Financial Watchdogs Warn Of Hacker Extortion

After noticing an increased “frequency and severity” in the number of hackers attempting to extort financial institutions, U.S. financial regulators have put out a serious warning to banks and credit unions to keep their networks protected from unauthorized access.

As The Wall Street Journal reported Tuesday (Nov. 3), the Federal Financial Institutions Examination Council (FFIEC) is just one of a series of regulators that have issued warnings about extortion cyberattacks.

“Cyberattacks against financial institutions to extort payment in return for the release of sensitive information are increasing. Financial institutions should address this threat by conducting ongoing cybersecurity risk assessments and monitoring of controls and information systems,” FFIEC said in a press release.

“In addition, financial institutions should have effective business continuity plans to respond to this type of cyberattack to ensure resiliency of operations.”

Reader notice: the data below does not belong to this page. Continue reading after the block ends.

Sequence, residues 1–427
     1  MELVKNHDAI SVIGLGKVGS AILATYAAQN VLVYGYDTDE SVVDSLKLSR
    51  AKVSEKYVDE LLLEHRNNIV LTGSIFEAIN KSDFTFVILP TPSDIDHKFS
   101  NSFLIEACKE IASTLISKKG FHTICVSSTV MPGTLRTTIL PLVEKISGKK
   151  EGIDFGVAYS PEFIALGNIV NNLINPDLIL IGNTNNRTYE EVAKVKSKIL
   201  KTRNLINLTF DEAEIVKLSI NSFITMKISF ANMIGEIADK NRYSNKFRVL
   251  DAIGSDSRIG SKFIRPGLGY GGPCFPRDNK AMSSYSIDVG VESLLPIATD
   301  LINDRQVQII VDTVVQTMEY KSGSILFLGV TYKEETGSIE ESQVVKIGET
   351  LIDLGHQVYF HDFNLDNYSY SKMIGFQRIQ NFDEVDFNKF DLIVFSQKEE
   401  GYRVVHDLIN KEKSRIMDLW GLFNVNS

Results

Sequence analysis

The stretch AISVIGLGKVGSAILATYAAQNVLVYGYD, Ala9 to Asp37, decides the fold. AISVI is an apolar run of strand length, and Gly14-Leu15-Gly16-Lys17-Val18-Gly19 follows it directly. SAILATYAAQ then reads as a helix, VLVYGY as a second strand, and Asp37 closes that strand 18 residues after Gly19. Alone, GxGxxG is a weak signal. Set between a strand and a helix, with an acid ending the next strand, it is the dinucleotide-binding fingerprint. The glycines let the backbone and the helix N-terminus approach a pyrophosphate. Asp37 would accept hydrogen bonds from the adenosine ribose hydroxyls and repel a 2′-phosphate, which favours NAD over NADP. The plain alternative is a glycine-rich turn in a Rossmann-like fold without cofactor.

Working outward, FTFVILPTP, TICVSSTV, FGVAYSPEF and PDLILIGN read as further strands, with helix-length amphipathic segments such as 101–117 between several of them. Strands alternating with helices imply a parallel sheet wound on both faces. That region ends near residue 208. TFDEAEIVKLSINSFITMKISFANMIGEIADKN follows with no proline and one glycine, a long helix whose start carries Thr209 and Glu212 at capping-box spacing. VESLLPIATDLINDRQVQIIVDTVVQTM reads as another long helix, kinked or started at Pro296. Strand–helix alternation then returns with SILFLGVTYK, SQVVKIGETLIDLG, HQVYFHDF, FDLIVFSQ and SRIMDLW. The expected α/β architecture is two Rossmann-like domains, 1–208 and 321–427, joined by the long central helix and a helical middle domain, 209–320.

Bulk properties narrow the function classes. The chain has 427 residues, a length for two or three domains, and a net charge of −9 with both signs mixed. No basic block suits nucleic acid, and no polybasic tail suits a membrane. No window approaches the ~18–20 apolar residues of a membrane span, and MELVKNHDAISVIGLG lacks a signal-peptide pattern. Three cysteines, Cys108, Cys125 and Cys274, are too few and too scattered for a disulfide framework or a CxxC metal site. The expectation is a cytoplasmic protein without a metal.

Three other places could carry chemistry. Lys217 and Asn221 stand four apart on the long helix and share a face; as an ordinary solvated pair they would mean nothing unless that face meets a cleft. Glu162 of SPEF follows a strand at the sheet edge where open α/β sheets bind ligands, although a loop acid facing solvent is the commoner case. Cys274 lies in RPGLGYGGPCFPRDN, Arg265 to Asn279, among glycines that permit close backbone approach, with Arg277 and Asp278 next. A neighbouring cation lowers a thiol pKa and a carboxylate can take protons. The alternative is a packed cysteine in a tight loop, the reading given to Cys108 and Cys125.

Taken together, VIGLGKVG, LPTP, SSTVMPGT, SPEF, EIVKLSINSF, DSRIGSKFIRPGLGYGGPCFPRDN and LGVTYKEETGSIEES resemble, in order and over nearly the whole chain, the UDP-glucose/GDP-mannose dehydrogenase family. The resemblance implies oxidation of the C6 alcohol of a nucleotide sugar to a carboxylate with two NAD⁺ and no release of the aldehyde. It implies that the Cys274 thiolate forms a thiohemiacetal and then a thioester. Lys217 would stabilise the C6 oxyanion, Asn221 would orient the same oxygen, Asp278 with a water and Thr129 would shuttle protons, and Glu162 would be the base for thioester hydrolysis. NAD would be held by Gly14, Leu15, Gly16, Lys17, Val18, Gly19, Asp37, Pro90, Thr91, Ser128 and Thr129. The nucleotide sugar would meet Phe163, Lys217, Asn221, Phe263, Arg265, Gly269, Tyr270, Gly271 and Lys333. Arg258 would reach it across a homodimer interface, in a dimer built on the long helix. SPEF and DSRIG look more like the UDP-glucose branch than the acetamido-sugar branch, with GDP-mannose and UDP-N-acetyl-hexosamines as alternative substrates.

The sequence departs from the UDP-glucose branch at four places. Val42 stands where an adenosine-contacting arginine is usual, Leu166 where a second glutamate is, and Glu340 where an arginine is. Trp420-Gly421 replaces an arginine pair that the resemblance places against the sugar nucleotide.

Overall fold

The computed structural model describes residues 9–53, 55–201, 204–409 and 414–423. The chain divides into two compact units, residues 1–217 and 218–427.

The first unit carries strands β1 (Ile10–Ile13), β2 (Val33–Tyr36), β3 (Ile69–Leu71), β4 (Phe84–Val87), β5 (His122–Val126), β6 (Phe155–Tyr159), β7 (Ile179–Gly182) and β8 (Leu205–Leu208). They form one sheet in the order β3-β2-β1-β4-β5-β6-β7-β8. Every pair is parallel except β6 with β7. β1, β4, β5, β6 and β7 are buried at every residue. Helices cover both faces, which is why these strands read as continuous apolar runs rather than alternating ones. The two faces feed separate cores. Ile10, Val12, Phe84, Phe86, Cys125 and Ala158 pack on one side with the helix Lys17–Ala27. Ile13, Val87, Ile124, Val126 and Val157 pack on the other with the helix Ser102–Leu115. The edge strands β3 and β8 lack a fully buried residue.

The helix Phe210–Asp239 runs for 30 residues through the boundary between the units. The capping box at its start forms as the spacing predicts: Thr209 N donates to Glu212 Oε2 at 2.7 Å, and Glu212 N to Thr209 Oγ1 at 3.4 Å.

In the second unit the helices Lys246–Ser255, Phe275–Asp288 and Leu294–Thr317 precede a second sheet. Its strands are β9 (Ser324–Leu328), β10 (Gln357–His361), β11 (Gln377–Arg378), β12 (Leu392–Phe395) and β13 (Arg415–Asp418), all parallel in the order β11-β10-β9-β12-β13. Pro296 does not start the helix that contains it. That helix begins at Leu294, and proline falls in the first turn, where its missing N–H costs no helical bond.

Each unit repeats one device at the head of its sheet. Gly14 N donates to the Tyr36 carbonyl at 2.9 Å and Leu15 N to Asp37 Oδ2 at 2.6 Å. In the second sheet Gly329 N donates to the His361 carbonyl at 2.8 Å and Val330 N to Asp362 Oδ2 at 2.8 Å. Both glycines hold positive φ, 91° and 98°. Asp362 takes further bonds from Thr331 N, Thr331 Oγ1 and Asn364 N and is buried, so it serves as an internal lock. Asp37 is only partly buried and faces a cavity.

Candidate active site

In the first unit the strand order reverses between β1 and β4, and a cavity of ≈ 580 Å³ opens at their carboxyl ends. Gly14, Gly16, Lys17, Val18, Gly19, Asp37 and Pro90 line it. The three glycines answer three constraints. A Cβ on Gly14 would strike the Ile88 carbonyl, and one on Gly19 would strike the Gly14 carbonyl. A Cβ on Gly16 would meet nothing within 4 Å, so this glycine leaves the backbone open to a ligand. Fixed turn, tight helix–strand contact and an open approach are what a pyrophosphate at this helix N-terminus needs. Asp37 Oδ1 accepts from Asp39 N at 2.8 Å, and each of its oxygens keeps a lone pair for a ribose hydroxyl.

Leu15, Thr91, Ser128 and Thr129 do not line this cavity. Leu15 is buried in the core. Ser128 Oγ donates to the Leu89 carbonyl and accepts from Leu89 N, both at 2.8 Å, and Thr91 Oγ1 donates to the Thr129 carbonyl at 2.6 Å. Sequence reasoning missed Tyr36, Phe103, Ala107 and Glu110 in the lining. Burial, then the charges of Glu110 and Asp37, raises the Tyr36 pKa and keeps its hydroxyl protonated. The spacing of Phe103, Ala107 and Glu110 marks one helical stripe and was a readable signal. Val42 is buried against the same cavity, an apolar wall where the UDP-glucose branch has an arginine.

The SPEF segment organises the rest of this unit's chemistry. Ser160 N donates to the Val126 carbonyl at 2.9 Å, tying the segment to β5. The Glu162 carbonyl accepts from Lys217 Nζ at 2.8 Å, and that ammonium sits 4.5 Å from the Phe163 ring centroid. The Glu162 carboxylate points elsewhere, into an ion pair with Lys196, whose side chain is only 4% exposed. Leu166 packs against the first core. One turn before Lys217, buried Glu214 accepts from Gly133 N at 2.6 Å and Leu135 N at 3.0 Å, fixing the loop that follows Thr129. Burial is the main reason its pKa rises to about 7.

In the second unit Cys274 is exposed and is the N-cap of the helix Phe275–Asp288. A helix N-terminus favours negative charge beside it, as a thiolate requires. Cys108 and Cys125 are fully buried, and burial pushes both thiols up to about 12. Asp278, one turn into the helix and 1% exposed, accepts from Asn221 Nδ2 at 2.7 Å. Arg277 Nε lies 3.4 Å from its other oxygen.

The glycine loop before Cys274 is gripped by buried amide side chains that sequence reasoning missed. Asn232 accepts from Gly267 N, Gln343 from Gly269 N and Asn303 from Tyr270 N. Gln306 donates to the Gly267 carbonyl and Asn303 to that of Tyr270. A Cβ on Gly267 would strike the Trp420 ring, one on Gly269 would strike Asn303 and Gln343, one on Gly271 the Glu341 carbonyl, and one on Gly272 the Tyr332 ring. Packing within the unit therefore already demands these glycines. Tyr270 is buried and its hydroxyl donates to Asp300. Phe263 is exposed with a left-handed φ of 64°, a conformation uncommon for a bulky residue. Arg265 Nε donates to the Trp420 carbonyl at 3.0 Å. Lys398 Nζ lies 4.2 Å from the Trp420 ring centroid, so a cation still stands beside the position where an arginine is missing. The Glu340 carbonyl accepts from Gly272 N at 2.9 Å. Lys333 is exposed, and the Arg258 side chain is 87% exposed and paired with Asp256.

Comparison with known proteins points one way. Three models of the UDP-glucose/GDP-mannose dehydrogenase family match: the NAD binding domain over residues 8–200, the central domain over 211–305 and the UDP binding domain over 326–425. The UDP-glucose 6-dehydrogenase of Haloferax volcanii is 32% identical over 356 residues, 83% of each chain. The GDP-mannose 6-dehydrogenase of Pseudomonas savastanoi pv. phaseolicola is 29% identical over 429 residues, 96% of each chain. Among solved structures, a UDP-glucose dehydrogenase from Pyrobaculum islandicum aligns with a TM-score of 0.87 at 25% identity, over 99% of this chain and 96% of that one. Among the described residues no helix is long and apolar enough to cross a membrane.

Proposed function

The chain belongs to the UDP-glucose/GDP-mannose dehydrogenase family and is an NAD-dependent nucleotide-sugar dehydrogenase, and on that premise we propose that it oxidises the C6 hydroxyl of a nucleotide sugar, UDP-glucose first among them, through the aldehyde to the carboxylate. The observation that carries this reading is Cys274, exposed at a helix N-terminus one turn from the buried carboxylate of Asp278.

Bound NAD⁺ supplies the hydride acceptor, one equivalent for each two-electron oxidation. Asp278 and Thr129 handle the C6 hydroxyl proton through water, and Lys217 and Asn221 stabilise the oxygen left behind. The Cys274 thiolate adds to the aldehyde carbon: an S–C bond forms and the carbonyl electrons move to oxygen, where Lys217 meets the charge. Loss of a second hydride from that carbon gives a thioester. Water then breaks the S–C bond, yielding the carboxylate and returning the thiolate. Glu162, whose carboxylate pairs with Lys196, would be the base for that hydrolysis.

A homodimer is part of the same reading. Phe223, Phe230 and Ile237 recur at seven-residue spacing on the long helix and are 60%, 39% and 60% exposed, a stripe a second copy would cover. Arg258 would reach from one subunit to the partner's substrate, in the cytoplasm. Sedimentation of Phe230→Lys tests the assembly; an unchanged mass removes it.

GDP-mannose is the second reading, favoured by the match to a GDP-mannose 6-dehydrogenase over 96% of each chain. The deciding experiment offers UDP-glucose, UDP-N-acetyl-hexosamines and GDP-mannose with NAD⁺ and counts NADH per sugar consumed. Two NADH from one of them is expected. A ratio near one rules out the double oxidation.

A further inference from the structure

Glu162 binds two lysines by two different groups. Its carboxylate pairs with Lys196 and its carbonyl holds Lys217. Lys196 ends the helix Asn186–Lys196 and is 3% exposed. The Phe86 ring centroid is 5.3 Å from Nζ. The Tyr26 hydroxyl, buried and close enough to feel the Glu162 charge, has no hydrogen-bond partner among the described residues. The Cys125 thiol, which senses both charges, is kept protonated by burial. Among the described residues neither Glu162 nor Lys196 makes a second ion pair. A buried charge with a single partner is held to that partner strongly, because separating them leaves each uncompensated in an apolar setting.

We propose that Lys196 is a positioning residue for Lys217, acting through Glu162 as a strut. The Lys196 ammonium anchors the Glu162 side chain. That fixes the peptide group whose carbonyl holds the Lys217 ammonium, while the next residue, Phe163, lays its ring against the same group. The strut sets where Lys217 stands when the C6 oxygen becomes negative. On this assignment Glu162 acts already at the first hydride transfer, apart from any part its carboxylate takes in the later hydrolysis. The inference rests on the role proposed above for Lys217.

FFIEC’s statement highlights resources institutions can use to mitigate the risks associated with cyberattacks and provides steps to take in response to these attacks.

The trend of hackers resorting to extortion and threats of cyberattacks in order to get financial companies to pay up continues to grow, mostly because, in many cases, it’s working.

Since April, more than 100 big banks and brokerages have received distributed denial of service (DDoS) threats, the Federal Bureau of Investigation Agent Richard Jacobs told MarketWatch earlier this year.

Hackers issue these threats by demanding companies pay a certain amount of money, which typically runs in the tens of thousands of dollars, or risk their websites being jammed up with traffic and rendered useless.

In some cases, the companies that pay hackers to back down end up becoming even bigger targets because they show a willingness to engage. But if firms are able to trace back the threats, they may be able to determine how likely the criminals are to follow through if their demands are not met.

“There are some groups who typically will go away if you don’t pay them, but there’s no guarantee that’s going to happen,” Jacobs told MarketWatch, noting that not all of the companies that are targeted will actually experience attacks.

According to information services and analytics company Neustar, a distributed denial of service outage could result in the loss of more than $100,000 an hour for targeted companies in the financial sector.

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